Democrats have rejected a proposal from House of Representatives Republicans to extend the debt limit and reopen the federal government.
The White House criticized what it called an attempt to appease a small group of conservatives, but praised a parallel bipartisan Senate plan.
The White House balked at the House’s proposed amendments to President Barack Obama’s signature healthcare law.
The US must raise its $16.7 trillion debt limit by Thursday or risk default.
It remains unclear whether Congress can agree a deal in time to avert the economic calamity in the US and across the world that economists say could result.
The House of Representatives would vote on Tuesday night on its bill to reopen the government and avoid default, said Republicans.
Meanwhile, Fitch credit agency placed the US AAA rating under review for a downgrade.
The Senate plan, outlined on Monday evening, would fund the government through mid-January and raise the debt ceiling until February, creating room for negotiators to agree a longer-term budget.
The House plan largely mirrored the Senate timeline until Representative Devin Nunes said on Tuesday afternoon it had been amended to fund the government only until December 15.
The California Republican said the revised House plan also dropped earlier attempts to delay a medical device tax used to pay for healthcare subsidies under the Affordable Care Act.
The House plan would also eliminate healthcare subsidies for the president, vice-president, members of the president’s cabinet, and members of Congress and their staff.
The health law passed in 2010, was subsequently validated by the Supreme Court, and was a central issue in the 2012 presidential election, which Barack Obama won handily. Many key provisions have already taken effect, and more begin next year.
On Tuesday, Barack Obama rejected what an aide described as Republicans’ attempts to extort “ransom” while the government remained shut and the threat of a debt default loomed.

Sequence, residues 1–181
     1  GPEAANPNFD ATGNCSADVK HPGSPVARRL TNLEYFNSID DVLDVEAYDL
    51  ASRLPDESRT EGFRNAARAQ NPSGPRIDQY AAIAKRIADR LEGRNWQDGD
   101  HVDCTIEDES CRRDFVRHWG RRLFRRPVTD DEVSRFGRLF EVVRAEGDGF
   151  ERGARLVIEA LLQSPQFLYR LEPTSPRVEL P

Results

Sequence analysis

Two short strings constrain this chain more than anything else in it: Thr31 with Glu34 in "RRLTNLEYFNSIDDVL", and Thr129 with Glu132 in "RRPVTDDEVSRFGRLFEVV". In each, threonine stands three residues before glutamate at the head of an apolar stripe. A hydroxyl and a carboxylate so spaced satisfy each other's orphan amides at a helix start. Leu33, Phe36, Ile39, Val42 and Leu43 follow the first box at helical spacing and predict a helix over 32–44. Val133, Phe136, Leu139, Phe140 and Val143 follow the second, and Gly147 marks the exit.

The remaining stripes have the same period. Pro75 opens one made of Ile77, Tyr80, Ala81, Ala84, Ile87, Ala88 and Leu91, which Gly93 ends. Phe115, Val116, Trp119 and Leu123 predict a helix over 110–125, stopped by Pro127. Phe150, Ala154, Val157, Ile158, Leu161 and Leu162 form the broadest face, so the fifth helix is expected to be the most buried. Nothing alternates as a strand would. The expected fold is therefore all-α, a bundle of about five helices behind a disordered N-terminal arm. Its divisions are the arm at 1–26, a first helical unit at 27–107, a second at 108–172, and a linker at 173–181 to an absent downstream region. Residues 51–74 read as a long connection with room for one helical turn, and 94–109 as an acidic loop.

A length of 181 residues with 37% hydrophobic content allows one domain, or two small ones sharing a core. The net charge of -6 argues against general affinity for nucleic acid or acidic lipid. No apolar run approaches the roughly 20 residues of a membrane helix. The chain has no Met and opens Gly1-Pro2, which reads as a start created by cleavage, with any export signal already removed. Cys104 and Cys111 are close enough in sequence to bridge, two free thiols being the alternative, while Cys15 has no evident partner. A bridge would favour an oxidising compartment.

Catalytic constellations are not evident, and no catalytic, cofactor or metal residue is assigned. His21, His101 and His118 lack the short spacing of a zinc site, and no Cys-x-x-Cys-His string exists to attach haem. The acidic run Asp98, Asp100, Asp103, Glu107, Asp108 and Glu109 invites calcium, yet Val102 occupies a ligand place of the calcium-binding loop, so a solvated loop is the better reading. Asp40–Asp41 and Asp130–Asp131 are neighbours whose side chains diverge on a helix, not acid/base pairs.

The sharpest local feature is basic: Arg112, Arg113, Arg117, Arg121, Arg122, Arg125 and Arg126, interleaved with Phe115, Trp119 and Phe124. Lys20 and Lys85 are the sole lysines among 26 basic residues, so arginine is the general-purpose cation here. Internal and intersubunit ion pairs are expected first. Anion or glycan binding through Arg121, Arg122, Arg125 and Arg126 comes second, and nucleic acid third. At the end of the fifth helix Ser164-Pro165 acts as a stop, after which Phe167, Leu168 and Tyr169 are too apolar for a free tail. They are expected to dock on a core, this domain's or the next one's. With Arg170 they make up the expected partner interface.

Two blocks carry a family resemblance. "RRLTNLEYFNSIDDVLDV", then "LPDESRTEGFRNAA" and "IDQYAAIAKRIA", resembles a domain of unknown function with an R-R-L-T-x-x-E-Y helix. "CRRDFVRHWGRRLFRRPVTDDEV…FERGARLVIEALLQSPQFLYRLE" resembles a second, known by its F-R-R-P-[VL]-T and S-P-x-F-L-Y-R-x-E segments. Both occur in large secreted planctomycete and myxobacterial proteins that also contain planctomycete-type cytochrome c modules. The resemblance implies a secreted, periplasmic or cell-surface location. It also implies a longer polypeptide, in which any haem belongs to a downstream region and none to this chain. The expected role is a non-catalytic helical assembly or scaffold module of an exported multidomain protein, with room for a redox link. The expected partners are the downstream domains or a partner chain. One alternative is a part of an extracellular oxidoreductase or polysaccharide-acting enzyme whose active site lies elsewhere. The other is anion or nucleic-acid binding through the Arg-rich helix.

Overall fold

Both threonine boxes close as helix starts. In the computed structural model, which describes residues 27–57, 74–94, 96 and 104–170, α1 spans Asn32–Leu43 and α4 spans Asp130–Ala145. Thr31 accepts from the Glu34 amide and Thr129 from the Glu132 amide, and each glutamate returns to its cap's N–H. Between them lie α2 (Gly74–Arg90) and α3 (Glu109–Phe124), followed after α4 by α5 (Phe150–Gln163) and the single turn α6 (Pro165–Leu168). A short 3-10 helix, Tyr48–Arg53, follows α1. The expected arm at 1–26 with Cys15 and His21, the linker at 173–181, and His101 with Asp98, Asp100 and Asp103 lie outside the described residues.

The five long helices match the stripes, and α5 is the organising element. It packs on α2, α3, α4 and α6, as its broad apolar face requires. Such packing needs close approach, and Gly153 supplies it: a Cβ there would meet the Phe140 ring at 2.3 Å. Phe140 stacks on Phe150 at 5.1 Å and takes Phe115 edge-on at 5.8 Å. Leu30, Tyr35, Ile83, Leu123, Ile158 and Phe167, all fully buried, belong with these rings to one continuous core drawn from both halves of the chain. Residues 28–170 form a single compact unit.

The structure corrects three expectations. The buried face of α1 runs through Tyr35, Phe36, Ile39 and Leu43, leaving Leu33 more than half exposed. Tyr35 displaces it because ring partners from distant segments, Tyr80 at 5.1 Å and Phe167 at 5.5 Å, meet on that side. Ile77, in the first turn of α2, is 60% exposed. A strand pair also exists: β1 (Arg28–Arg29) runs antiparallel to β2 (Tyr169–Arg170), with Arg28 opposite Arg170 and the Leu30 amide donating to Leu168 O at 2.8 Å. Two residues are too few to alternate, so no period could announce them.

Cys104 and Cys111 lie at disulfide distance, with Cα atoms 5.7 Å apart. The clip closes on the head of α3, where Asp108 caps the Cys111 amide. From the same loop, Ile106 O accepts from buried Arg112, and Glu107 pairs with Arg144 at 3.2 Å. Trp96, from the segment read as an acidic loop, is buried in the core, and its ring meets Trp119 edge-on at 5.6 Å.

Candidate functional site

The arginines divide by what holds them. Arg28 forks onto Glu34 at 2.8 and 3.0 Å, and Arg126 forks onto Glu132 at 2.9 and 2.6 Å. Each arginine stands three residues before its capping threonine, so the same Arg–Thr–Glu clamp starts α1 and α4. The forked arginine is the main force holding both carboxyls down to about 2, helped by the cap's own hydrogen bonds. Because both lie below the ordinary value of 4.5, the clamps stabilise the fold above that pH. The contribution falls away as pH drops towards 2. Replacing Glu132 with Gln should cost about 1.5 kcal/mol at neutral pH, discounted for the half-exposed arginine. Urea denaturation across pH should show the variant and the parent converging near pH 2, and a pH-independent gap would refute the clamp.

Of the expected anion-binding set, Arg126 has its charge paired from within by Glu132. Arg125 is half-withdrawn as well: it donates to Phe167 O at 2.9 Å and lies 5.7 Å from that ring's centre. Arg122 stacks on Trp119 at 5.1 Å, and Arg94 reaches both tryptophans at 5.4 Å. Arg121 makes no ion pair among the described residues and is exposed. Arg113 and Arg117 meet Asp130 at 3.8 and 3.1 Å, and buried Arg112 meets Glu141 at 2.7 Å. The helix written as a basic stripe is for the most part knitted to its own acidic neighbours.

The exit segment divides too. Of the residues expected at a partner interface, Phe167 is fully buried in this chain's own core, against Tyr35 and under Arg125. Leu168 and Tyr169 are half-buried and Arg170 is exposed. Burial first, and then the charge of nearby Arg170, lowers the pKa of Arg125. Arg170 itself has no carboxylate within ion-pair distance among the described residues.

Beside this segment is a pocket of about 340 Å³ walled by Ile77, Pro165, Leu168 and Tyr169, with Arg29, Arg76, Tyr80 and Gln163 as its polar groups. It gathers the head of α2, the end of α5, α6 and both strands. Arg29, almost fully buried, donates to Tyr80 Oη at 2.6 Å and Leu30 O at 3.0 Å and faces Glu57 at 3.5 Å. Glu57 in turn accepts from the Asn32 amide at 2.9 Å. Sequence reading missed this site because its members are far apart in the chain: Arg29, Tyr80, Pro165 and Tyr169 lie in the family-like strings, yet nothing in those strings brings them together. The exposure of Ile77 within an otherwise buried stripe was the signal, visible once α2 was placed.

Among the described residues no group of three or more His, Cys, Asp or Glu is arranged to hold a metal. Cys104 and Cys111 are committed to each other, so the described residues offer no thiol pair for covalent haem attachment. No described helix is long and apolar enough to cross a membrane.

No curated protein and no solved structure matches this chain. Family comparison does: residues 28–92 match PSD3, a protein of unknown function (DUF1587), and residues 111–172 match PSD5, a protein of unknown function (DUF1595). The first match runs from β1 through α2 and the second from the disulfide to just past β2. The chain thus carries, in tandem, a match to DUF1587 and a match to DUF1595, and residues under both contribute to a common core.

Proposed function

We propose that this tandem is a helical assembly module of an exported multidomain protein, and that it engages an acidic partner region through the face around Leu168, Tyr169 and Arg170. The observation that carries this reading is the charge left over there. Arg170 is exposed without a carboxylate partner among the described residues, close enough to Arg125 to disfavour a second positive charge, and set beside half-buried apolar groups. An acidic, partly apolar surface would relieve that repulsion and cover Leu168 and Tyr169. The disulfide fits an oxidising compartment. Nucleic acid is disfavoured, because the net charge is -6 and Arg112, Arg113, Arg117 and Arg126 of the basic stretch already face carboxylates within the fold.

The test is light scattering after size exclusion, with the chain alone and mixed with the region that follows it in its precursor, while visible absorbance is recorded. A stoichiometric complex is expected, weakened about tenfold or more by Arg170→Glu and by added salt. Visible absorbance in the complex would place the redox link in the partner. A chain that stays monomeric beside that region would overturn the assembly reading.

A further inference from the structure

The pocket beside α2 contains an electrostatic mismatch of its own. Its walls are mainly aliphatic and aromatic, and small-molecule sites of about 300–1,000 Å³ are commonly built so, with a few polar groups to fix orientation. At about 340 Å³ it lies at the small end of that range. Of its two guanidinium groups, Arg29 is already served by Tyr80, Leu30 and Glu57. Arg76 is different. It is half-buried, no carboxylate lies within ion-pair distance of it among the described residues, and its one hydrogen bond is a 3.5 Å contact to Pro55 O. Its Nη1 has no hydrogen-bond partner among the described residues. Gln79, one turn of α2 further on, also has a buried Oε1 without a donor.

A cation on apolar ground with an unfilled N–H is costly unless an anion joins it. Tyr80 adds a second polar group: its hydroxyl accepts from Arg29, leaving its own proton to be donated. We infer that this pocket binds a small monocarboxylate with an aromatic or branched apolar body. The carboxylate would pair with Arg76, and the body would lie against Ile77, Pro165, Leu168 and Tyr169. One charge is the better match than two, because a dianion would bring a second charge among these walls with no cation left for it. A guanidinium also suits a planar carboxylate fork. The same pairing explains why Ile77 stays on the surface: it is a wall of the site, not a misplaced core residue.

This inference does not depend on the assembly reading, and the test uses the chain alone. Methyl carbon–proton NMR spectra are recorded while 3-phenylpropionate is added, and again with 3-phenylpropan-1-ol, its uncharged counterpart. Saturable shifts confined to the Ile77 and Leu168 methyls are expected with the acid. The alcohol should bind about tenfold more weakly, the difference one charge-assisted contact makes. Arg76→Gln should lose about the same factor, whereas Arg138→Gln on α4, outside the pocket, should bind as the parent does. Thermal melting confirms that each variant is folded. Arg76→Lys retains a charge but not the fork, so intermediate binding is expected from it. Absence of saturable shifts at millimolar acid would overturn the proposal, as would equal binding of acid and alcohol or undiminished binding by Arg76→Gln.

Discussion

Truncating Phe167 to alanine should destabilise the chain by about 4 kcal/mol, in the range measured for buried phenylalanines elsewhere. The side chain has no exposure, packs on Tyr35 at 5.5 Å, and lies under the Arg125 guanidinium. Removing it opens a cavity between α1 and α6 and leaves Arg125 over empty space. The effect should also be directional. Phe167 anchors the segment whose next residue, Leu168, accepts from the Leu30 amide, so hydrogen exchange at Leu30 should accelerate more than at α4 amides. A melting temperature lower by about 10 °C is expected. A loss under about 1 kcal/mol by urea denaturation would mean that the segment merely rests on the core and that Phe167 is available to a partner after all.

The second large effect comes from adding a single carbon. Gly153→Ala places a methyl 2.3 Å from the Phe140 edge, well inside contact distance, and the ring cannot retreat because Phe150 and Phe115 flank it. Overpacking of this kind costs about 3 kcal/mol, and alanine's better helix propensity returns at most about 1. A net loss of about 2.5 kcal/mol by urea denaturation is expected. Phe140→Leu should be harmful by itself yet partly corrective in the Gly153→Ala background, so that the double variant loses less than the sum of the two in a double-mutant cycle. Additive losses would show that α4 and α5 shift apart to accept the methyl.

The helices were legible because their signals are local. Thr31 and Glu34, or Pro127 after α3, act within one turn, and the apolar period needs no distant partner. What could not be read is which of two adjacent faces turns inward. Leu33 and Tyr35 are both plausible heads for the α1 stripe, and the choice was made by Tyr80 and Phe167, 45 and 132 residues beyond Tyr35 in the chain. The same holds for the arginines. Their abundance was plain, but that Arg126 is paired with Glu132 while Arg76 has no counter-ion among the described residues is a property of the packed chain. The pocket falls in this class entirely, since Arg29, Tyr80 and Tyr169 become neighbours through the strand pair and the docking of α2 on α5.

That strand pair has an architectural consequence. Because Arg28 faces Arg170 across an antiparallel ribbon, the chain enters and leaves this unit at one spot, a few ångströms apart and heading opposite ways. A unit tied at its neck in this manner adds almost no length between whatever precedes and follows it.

“Unfortunately, the latest proposal from House Republicans does just that in a partisan attempt to appease a small group of Tea Party Republicans who forced the government shutdown in the first place,” said White House spokeswoman Amy Brundage, referring to a faction of hardline conservatives who hold significant sway in the House.
Later, Republican House Speaker John Boehner said that both parties were trying to find a way forward and that Tuesday morning’s House plan was focused on “fairness for the American people under Obamacare”.
“There have been no decisions about exactly what we will do,” he told reporters on Tuesday.
“There are a lot of opinions about what direction to go.”
But following a meeting with John Boehner and GOP moderates on Tuesday Republican representative Charlie Dent told the media his “best estimate is that there aren’t the votes to pass it”.
House and Senate Democrats immediately joined Barack Obama in denouncing the House Republican proposal.
Senate Majority Leader Harry Reid said the plan was “an extreme piece of legislation and it’s nothing more than a blatant attack on bipartisanship”. He said it would never pass the Democratic-controlled Senate.
President Barack Obama is scheduled to meet House Democrats on Tuesday afternoon as the clock ticks to Thursday’s debt ceiling deadline.
Even if a deal is reached in the Senate, it is unclear whether Congress could act in time to pass legislation that would avert the October 17 default deadline.
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